»An Exceptional Violinist« –
Paul Hindemith and the Frankfurt Opera Orchestra

by Dr. Susanne Schaal-Gotthardt, Director of the Frankfurt Hindemith Institute

In the summer of 1915, when the directorship of the Oper Frankfurt began to search for a suitable candidate to fill the newly available Concertmaster position, they hit pay dirt: Paul Hindemith, 19 years old, a student of violin and composition at Dr. Hoch’s Konservatorium. He had started his studies in 1908 and had already begun to draw attention to himself as a shining talent with his performances of the Beethoven Violin Concerto in studio recitals. The orchestra was likewise impressed and hired him immediately as a tutti first violinist with a potential promotion to Concertmaster. For this young man, humbly born, the position signified a social advancement and enabled him to financially support his mother and several younger siblings, as his father had died in the war that same year.

Hindemith accepted the job of concertmaster in early 1916, six months ahead of the proposed date. Self-assured and confident, he recounts – “They made the audition process very difficult. First I was requested to appear before the directorship, with no indication of what I was supposed to do. The audition committee was made up of the Artistic Director and two Musical Directors; entirely without advance preparation, I played the first movements of the Brahms and Beethoven violin concertos, the entire Mendelssohn violin concerto, and Bach’s Chaconne, which was naturally a great surprise for the men. The next Thursday, they asked me to play again for them, as well as for several members of the orchestra and Amsterdam’s Wilhelm Mengelberg, conductor of the local Museum Society concerts. I performed Mendelssohn, Brahms, and Bach. It went well, but Mengelberg, who I always found to be a disagreeable, red-haired person, was absolutely against giving me the job. He said it was because I was “too young,” but I heard from other sources that he had another man in mind for the job. However, I was given some exceedingly difficult passages from Salome to sightread, and I managed them so well that he was unable to demur.” The Conservatory Exam, which Hindemith took in June of 1916, was then merely a formality.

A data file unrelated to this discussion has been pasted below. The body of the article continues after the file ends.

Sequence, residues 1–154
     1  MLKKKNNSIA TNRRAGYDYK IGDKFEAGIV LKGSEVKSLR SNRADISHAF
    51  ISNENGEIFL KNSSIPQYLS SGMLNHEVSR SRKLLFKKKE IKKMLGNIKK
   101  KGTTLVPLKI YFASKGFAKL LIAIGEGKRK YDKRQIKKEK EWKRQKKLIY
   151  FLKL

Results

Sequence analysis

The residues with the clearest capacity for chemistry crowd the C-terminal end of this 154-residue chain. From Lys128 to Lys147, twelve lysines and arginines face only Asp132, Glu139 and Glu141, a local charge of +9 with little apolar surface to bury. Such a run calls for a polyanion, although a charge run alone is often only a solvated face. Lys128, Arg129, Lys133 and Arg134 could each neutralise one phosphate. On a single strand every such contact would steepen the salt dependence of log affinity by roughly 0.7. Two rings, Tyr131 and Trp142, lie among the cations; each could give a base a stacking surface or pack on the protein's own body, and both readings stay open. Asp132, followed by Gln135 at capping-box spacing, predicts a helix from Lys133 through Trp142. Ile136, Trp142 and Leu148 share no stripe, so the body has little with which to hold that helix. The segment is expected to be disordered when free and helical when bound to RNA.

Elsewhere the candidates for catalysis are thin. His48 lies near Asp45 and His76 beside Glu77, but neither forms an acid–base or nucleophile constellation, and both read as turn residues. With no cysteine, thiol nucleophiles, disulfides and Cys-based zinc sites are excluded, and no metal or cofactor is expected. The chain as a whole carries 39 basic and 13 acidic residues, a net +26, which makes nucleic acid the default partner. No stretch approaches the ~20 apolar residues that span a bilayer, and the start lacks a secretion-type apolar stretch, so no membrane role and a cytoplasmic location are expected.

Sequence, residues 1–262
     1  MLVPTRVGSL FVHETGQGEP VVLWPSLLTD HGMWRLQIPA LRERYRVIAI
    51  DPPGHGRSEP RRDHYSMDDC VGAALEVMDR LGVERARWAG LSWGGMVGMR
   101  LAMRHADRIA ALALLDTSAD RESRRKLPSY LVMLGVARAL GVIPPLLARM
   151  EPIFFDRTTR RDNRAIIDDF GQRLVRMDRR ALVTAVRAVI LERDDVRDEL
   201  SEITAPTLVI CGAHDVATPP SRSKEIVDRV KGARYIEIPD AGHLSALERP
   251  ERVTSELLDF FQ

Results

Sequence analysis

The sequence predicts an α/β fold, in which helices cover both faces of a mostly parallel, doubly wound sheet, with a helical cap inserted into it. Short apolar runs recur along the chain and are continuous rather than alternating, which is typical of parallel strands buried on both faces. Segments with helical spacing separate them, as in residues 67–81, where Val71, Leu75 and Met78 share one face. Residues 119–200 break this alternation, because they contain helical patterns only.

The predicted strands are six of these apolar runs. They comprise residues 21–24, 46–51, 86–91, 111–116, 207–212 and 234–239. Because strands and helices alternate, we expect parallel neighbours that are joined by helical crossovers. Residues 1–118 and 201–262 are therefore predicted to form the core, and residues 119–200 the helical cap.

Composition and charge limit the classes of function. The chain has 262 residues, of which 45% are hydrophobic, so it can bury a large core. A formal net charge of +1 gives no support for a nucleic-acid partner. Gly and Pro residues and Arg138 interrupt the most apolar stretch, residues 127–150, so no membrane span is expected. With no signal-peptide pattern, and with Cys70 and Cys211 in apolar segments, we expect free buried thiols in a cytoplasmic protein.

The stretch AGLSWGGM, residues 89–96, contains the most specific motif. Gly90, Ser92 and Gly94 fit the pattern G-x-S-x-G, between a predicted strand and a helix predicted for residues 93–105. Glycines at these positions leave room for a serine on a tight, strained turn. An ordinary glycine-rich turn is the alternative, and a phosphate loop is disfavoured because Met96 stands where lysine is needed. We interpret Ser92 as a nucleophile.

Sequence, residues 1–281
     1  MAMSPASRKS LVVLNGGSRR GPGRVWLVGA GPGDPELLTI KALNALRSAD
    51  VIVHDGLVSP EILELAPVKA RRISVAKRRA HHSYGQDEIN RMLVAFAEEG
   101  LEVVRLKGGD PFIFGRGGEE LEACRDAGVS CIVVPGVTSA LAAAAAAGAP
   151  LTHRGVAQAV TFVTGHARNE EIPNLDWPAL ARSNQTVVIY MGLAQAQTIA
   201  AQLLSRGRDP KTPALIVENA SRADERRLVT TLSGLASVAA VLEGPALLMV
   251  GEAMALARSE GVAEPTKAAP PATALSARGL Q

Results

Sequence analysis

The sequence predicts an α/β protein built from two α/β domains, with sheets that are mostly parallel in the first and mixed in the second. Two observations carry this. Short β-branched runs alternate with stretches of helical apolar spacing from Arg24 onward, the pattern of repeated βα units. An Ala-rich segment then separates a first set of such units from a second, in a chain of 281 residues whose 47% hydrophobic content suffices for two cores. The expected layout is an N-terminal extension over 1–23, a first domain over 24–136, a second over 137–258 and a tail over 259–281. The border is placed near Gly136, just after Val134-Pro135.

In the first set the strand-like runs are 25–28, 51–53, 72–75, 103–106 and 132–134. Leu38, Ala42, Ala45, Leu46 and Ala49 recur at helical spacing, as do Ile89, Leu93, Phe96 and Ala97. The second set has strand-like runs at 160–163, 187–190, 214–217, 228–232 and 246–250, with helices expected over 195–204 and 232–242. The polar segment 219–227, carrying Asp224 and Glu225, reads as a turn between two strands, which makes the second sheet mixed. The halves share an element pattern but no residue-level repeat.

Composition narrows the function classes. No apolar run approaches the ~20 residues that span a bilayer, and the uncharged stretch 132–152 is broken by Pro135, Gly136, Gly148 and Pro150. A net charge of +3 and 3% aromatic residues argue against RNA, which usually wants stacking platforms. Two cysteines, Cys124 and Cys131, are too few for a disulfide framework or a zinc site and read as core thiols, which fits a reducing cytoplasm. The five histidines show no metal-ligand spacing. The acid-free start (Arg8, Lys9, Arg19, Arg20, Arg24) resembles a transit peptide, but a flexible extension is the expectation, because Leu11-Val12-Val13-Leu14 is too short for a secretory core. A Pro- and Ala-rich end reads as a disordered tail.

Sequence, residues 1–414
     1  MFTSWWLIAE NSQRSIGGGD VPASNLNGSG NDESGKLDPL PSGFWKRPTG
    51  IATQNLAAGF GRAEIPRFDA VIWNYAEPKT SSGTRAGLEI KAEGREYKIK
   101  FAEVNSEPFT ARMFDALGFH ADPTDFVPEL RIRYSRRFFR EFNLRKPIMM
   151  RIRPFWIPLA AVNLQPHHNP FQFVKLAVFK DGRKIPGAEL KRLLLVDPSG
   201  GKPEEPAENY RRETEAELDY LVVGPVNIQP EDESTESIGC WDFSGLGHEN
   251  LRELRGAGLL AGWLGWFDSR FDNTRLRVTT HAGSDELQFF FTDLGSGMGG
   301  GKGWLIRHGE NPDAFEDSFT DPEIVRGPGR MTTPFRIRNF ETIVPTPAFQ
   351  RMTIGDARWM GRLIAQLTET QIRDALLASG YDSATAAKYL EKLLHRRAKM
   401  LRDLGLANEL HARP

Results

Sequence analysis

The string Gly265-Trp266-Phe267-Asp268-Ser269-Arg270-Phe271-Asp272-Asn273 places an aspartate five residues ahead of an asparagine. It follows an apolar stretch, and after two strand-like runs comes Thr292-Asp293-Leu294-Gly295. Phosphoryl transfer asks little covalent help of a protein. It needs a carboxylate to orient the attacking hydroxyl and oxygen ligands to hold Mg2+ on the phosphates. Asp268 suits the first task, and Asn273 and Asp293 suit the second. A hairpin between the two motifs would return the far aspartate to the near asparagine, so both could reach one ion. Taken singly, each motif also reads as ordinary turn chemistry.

The Frankfurt Opera House had already become one of Germany’s leading venues. In addition to the range of standard repertoire from Gluck to Wagner, novelties and world premieres were also performed. During Hindemith’s time in the orchestra, they presented the world premieres of Schreker’s Der Schatzgräber (The Treasure Hunter) and Rudi Stephans Die ersten Menschen; notable guest conductors included Hans Pfitzner with his opera Der arme Heinrich in 1916,and Richard Strauss with Der Rosenkavalier. Out of the pit, the orchestra performed regular Museumskonzerte, which had made up a large part of the Frankfurt Opera Orchestra´s workload since the 19th century. Hindemith learned the “ins and outs” of the daily life of a professional musician and drew upon the extremely diverse repertoire for inspiration and refinement of his musical taste. His experiences as an orchestral musician later shaped his sensibilities as a conductor: He saw himself on the podium as primus inter pares (first among equals) and viewed what he termed the “insatiable vanity” of celebrity conductors with great skepticism.

Hindemith spent the last year of the war serving in the military in France, and had to put his work in the orchestra on hold. Upon his return to civilian life, unharmed and conscious of his great fortune, he began to seek out new avenues of artistic expression. He resumed his work in the opera orchestra, but composing became the central aspect of his musical life. At the same time, in 1919, he made another change, which he shared with a friend: “Did you know that I hardly play the violin anymore? I’ve switched almost entirely over to viola, and only play violin in case of emergency.” This realization along with his growing love of composition prefaced his gradual departure from the orchestra. In 1923, when he signed a general contract with Schott Publishing House in Mainz, he parted ways with the orchestra on the best of terms.

Decades later, he wrote to a colleague on the first desk: “I played such a miniscule part in your musical life – and that as a violinist who for some suspicious reason changed to viola, then decided to pursue an even more obscure musical occupation – but the years in the Frankfurt Opera Orchestra, where we worked, played, cheered, groaned, and cursed, have stayed with me, never to be forgotten.”